Boulder Colorado has been plagued by consistently low, even hyper low inventory. This lack of property for sale for has been going on for say about a decade now. While home sellers might like the idea of no competition, there are negative impacts for both buyers and sellers in this market.
Sellers Do Not Always Appreciate Hyper Low Inventory
Let’s start with appraisals. In a marketplace where there is so little inventory, sometimes appraisers have difficulty justifying sales prices. Let’s say you are getting a mortgage for your new home purchase. You are counting on the appraisal to come in for value.
In a hyper low inventory market, there may not have been an actual recent sale to help the lender’s appraisal justify the transaction price tag. A low appraisal could scuttle your deal if there isn’t an appraisal gap coverage clause. Sellers don’t want deals to die simply because an appraiser cannot find comparable sales!
A few more transactions might make it easier to justify your home’s price and give lenders confidence to move deals forward.
After You Sell Where Are You Going To Live?
Another reason Boulder home sellers may not be infatuated with hyper low inventory of homes might be, what will that person purchase once they sell? I mean, the seller becomes a home buyer after their house gets sold. Right?
But your average seller is going to then run into the same issues on their buyside: hyper low inventory is going to make their opportunity to find a replacement home extremely difficult.
So people otherwise willing to move, might not put their home’s up for sale simply because they don’t want to hassle to find a new one. Guess what? When these sellers don’t sell, it contributes to even tighter inventory of homes for sale.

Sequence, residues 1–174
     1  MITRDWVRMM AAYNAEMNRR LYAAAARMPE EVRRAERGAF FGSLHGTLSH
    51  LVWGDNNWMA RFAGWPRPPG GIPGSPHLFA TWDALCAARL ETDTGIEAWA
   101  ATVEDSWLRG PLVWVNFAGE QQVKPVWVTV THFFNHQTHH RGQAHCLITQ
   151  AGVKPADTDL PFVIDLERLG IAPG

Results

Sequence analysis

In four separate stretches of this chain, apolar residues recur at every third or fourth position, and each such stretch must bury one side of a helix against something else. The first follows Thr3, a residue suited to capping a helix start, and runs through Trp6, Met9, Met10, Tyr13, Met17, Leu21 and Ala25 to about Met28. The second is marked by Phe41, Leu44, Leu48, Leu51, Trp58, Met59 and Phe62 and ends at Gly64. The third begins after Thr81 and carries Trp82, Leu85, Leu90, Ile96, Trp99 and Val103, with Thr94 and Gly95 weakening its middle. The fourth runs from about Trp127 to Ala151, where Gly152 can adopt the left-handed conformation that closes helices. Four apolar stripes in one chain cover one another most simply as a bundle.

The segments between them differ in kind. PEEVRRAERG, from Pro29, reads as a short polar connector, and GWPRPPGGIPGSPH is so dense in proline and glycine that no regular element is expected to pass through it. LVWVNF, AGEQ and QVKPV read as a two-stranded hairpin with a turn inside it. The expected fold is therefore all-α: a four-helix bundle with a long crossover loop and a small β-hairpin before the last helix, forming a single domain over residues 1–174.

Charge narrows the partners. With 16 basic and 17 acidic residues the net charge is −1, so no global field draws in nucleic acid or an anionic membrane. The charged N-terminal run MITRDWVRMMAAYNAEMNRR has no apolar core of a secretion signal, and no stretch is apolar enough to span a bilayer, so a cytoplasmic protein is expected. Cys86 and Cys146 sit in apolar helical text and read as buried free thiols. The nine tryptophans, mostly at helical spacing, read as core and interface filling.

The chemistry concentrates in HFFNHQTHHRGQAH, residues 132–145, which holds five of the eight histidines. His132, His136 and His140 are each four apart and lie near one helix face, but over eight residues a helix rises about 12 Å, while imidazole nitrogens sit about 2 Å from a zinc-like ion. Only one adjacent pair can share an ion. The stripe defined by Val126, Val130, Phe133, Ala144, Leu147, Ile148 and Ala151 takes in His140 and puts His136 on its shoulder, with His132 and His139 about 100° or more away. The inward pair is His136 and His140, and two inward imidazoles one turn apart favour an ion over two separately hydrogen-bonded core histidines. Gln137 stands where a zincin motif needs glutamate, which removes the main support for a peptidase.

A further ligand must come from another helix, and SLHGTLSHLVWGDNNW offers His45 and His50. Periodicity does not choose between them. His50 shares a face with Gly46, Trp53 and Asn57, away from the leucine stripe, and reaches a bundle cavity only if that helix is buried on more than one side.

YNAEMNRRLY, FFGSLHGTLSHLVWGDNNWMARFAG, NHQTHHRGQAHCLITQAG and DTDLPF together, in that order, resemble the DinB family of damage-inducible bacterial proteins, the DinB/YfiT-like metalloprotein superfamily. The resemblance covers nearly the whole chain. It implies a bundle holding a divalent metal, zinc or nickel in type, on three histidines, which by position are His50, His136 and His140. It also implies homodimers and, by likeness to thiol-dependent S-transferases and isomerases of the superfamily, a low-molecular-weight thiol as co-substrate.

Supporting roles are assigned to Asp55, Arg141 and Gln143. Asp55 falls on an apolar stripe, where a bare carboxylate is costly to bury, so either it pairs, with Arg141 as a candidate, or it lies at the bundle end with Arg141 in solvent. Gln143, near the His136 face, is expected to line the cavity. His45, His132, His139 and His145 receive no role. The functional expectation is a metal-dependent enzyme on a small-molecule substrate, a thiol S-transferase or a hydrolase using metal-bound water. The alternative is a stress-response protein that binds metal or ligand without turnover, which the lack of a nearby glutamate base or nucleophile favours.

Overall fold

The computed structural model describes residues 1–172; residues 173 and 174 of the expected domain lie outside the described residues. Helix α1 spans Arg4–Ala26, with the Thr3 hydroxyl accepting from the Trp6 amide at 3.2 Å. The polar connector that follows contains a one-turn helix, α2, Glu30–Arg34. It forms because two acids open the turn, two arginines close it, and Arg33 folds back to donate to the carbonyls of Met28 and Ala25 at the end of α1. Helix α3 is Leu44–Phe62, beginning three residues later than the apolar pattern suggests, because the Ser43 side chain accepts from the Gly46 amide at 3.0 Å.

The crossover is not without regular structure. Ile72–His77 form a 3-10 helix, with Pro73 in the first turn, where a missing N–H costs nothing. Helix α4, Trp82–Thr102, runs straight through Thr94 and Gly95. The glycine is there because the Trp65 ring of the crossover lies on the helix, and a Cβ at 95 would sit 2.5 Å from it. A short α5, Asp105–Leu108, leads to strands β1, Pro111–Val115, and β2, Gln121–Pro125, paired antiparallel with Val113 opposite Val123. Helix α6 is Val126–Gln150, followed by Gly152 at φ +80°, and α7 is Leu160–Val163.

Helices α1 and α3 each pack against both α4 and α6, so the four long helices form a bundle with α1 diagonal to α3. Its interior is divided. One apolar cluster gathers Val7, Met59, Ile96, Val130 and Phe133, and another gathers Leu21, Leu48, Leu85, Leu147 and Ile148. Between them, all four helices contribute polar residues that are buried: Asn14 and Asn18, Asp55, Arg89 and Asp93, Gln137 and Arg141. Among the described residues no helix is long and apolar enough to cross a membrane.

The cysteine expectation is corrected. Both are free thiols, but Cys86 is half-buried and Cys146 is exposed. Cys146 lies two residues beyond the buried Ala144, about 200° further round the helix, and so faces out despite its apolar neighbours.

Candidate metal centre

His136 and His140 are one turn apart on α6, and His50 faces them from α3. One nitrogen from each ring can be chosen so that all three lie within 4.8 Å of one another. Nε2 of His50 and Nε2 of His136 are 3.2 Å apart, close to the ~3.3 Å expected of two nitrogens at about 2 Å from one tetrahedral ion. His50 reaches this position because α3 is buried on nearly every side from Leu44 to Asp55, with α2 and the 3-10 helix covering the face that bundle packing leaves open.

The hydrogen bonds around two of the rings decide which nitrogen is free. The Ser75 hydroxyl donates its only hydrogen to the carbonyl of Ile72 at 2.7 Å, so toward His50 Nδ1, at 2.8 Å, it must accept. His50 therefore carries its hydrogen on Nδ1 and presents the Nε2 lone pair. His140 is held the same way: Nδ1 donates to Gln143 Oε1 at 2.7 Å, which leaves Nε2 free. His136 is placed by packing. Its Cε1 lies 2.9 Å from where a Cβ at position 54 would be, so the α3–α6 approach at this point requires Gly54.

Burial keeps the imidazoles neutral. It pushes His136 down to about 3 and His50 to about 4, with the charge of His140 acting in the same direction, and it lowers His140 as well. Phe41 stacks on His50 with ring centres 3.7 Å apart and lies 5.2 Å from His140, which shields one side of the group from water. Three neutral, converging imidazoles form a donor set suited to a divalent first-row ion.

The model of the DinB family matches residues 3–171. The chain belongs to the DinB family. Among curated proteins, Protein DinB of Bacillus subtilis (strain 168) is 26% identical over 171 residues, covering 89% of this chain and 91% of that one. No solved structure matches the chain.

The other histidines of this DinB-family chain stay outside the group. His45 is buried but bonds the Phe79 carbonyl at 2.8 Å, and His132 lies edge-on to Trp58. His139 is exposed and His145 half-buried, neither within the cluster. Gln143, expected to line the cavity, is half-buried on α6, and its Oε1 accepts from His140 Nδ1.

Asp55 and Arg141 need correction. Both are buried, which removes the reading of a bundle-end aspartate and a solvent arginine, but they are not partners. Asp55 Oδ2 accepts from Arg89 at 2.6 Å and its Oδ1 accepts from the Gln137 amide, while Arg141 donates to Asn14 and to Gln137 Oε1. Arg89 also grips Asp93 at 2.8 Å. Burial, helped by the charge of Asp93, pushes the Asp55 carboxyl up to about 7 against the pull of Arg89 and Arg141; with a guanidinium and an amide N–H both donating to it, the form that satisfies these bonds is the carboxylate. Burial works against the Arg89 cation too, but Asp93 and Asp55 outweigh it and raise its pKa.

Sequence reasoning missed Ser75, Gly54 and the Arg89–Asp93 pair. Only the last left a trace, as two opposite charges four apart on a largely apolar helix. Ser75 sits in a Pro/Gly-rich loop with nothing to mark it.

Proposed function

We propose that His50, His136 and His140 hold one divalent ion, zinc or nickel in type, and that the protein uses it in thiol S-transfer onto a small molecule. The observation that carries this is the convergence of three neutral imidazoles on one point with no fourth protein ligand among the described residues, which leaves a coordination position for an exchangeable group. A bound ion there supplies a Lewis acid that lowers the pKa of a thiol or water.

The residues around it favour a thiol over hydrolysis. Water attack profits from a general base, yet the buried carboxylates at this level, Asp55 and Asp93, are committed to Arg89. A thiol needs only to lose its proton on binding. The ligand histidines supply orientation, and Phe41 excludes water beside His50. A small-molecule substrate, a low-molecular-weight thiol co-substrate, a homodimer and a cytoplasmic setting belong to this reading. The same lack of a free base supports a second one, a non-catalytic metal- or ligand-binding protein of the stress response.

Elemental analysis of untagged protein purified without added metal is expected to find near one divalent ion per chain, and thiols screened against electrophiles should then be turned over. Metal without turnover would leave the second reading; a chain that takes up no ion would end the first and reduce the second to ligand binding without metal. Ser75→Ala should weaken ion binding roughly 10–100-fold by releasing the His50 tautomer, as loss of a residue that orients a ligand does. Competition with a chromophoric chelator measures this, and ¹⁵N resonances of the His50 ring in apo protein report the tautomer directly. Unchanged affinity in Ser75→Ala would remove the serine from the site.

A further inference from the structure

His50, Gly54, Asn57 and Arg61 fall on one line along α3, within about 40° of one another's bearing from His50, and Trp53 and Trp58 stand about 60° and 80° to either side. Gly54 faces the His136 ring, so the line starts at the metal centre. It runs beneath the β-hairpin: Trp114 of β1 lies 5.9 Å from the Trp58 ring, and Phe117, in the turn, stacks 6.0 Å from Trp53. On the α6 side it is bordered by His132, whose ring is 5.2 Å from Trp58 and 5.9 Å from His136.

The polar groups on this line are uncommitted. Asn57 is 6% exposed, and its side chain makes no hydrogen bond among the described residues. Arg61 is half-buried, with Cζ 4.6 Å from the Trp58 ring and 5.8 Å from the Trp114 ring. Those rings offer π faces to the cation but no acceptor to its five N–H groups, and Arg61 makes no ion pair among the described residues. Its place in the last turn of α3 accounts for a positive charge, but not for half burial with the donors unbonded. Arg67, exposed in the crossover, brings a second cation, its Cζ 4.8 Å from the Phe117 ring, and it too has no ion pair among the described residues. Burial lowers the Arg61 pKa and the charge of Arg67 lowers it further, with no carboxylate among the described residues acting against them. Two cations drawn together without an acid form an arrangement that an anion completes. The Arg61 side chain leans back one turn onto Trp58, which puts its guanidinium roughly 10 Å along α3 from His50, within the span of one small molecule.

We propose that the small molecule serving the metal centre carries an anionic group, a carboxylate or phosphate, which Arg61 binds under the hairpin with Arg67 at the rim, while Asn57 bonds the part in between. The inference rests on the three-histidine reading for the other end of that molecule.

What Are the Worst Impacts of a Hyper Low Inventory of Homes for Sale?
There were moments, in our marketplace over the last several years, where under contract sales exceeded new inventory coming to the Boulder housing market.
You may have experienced something like this where you live. When this happens, you wind up with multiple offer scenarios.
When under contract sales exceed new inventory, your already hot market goes into overdrive. Multiple offers with insane bidding wars. Waving all sorts of contract clauses, you know you shouldn’t wave, but it happens.
It can be crazy. We’re talking six, ten, twenty offers on one home.
I had clients look at a $450,000 home, make an offer for $100,000 over list price and not win the bidding war. The house ultimately sold for $125,000 over list price — closing in three week’s time. That’s one of the downsides to a hyper low inventory marketplace. Home bidding wars can cause buyers to overpay dramatically.
Another would be new owners waking up to a world of issues. The buyers were so desperate to win the bidding war, they waved their inspection. Then, they get into the new home and have to shell out for broken air conditioning, a new furnace, plumbing repairs. It can be tough.